Diplomat’s Handbook for Democracy Development Support

Diplomat’s Handbook for Democracy Development Support 2nd ed.

http://diplomatshandbook.org/_resource.html

http://diplomatshandbook.org/pdf/Diplomats_Handbook.pdf

Table of Contents

Preface by President Vaclav Havel

Ministers’ ForewordChapter 1: Introduction

Chapter 2: The International Context

Chapter 3: The Diplomat’s Toolbox

Chapter 4: Conclusions

CASE STUDIES:

Cuban Exceptionalism

Egypt: Will Democracy Succeed the Pharaoh

China’s Fifth Modernization: the Enduring Hope for Democratic Governance

South Africa: “The Long Road to Freedom”

From Independence to Real Democracy – Ukraine’s Orange Revolution

The Fall and Rise of Chilean Democracy: 1973-1989

Belarus: Europe’s Last Dictator?

The Suffering of Burma/Myanmar

Zimbabwe: From Hope to Crisis

Tanzania’s Road to Multi-Party Democracy: Focus on a Single Mission’s Efforts

Found online at http://www.diplomatshandbook.org/Tanzania

Sierra Leone: Belated International Engagement Ends a War, Helps Consolidate a Fragile Democracy. Found online at http://www.diplomatshandbook.org/SierraLeone

Resource List: Donor Organizations, Other Democracy Support Organizations and Election Assistance and Observation Organizations

Annex: International Human Rights Law

From the description:

The Diplomat’s Handbook is a project commissioned by the Community of Democracies, and produced by the Council for a Community of Democracies (CCD). The First Edition was produced with the financial support of the International Center on Nonviolent Conflict, Freedom House, the Princeton Project on National Security, the US Department of State, the Governments of Chile, India, and Morocco, and the Department of Foreign Affairs and International Trade of the Government of Canada.

The Handbook project was conceived by Ambassador Mark Palmer. Preparation of the Handbook has been a partnership between Project Head, Ambassador Jeremy Kinsman (jeremykinsman@diplomatshandbook.org), who has been principally responsible for the text of the Handbook itself, and the Director of Research, Kurt Bassuener (kurtbassuener@diplomatshandbook.org), who has been principally responsible for producing the Handbook’s case studies

The text which follows and the case studies benefit from the generous contributions and advice of many former and current diplomatic practitioners, scholars, members of policy centers and nongovernmental organizations, and development experts. The case study on China was drafted by Chantal Meagher, the case study on Cuba by Jeremy Kinsman, and the case study on Egypt by a variety of experts, including Stephen McInerney, Moataz El Fegiery, Michele Dunne and Issandr El Amrani. The Belarus and Ukraine case study updates were undertaken with the assistance of Iryna Chupryna of the Democratization Policy Council.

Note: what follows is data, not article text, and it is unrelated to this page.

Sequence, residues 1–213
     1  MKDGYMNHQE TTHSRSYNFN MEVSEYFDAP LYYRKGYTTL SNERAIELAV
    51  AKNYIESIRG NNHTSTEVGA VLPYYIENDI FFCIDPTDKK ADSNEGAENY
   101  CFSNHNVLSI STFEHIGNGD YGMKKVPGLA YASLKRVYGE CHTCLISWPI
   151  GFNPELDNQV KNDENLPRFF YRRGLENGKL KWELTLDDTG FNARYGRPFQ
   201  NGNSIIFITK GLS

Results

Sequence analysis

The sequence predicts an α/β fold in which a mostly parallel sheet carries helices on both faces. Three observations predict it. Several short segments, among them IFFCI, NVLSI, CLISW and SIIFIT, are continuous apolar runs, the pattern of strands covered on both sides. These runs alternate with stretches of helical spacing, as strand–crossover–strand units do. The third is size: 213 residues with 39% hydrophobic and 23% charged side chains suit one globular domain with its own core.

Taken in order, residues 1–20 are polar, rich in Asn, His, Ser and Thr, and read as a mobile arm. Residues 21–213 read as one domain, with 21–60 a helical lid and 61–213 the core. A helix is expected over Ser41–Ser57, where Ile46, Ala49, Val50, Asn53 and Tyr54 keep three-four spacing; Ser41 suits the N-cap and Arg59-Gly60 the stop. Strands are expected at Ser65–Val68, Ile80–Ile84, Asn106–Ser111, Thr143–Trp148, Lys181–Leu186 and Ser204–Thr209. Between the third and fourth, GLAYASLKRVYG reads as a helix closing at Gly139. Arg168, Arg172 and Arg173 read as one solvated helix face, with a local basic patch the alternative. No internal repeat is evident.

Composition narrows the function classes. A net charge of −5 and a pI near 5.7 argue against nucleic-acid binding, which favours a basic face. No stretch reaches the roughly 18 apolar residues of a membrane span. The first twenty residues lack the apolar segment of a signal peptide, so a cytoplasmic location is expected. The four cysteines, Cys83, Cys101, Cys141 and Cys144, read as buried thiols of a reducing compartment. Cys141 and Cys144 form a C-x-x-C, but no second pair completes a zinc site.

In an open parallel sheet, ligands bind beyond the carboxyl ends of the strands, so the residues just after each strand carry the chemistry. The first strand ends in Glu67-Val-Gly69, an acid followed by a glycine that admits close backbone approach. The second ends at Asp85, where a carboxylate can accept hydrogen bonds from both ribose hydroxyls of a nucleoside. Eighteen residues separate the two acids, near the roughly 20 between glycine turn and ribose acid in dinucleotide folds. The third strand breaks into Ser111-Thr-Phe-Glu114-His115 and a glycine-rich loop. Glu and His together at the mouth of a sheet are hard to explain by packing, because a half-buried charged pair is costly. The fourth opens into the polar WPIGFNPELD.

Lord Owen Report on British Policy on Iran 1974-1978

The UK’s Foreign and Commonwealth Office has released the previously confidently Owen Report on British Policy on Iran 1974-1978.

This report covers the fall of the Shah and the rise of the Islamic Republic.

http://www.fco.gov.uk/en/about-us/who-we-are/our-history/historical-publications/documents-british-policy/british-policy-on-iran-1974-1978

From the description:

The Islamic Revolution in Iran represented a seismic shift in the internal and geopolitical orientation of a formerly close ally of the United Kingdom.

This document, now released for the first time, was commissioned in 1979 by the then Foreign Secretary, the Rt Hon David (now Lord) Owen, in order to enable a detailed examination of the context of the events leading to the Revolution, and for the FCO to identify any lessons that might be learned from the UK’s reactions to, and analysis of, the events concerned.

The intention, as mentioned by the then Permanent Under-Secretary in his foreword, was not to apportion blame for the fact that the FCO, in common with others, failed to predict the Islamic Revolution. Rather, the intention was to “examine where, if anywhere, we had gone wrong and how we could do better in the future”. In this context Chapter XI, “Conclusion: Lessons for the FCO”, is of particular interest.

As a whole, this document shows the value of analysis and historical perspective in formulating policy not just with regard to the Islamic Republic of Iran, but to other countries and regions which remain of vital interest to the UK.

It is important to bear in mind that this is a historical document and does not necessarily reflect the views of the current UK government. It has been released for publication on the web following the FCO’s standard clearance procedures.

 

VOA pronunciation guides for foreign names

Voice of America provides a pronunciation guide for names of foreign leaders and dignitaries. Type  in a name or choose from an alphabetical list.

Example of Sergio Viera de Mello from the VOA site. In addition to the written phonetic spelling, the site also provides an audio file of name being spoken in translation.

DE MELLO, SERGIO VIERA Brazil SEH-zhee-o vee-A-rah day MEH-lo  

VOA Pronunciation Guide

http://names.voa.gov/index.cfm

Hat tip to Prof. Peggy McGuinness